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"Dignified" Kate and "difficult" Meghan: The stark double standards of the British media.

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On Monday, Prince Harry and Meghan Markle sat down for their long-anticipated interview with Oprah Winfrey.

The wide-ranging interview, which has since been viewed by millions worldwide, covered everything from Harry and Meghan's royal wedding to their relationships with other members of the royal family.

But as many expected, the most prominent focus of the interview was the couple's years-long struggle with the British press.

Watch the moment Prince Harry spoke openly about Meghan Markle's mental health during the birth of their son, Archie. Post continues after video.


Video via CBS.

During the interview, Meghan admitted that she struggled with suicidal ideation after years of harsh criticism from the British tabloids.

"I just didn’t see a solution. I would sit up at night, and I was just, like, I don’t understand how all of this is being churned out," Meghan said.

"I realised that it was all happening just because I was breathing. I was really ashamed to say it at the time and ashamed to have to admit it to Harry, especially, because I know how much loss he’s suffered. But I knew that if I didn’t say it, that I would do it. I just didn’t want to be alive anymore. And that was a very clear and real and frightening constant thought."

Since their relationship went public in 2016, Harry and Meghan have remained outspoken about the media's treatment of the Duchess of Sussex.

When they first started dating, Harry issued a rare public statement, pleading to the media – and the general public – to stop the "wave of abuse and harassment" and "outright sexist and racist comments" against Meghan.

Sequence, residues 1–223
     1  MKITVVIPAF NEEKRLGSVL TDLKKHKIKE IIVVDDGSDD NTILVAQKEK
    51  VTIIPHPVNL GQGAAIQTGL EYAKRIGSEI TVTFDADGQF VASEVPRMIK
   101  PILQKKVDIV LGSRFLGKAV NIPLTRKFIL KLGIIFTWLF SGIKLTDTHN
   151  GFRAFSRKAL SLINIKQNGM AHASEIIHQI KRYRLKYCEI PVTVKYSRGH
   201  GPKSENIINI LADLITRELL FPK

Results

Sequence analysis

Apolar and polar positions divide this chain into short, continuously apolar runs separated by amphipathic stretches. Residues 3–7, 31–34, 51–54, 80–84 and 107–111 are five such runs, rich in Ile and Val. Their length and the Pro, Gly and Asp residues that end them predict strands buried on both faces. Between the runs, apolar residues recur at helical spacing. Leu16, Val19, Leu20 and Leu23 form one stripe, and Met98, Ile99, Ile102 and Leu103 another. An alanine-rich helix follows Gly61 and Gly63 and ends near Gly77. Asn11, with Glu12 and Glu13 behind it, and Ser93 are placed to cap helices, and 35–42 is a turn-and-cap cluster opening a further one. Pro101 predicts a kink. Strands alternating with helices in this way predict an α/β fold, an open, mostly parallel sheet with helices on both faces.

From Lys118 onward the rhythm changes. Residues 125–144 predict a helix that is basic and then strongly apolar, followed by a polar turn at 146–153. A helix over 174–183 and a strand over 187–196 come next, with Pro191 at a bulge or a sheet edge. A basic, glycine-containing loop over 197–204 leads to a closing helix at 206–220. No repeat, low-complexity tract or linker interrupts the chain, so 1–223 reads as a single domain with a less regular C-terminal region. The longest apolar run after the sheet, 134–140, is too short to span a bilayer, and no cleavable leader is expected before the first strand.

"Prince Harry is worried about Ms. Markle’s safety and is deeply disappointed that he has not been able to protect her," the statement read.

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"It is not right that a few months into a relationship with him that Ms. Markle should be subjected to such a storm. He knows commentators will say this is 'the price she has to pay' and that 'this is all part of the game.' He strongly disagrees. This is not a game — it is her life and his."

Similarly, the couple launched a lawsuit against the Mail on Sunday in October 2019 after the tabloid published a private handwritten letter Meghan sent to her father, Thomas Markle, in August 2018. 

Listen to Mamamia's daily entertainment podcast, The Spill, below. Post continues after video.

But while speaking to Oprah on Monday, Harry and Meghan both emphasised that they experienced a lack of support from the royal family while they were struggling to deal with the British press.

In new footage from the interview, which aired on CBS This Morning on Tuesday, Meghan shared that instead of providing support, the royal family simply tried to compare her experience with their own experiences with the British tabloids.

"Members of his family say, 'Well, this is what's happened to all of us,' [as] if they can compare what the experience that I went through was similar to what has been shared with us," the ex-Suits actress said. 

"Kate was called 'Waity Katie,' waiting to marry William. While I imagine that was really hard — and I do, I can't picture what that felt like — this is not the same," she added.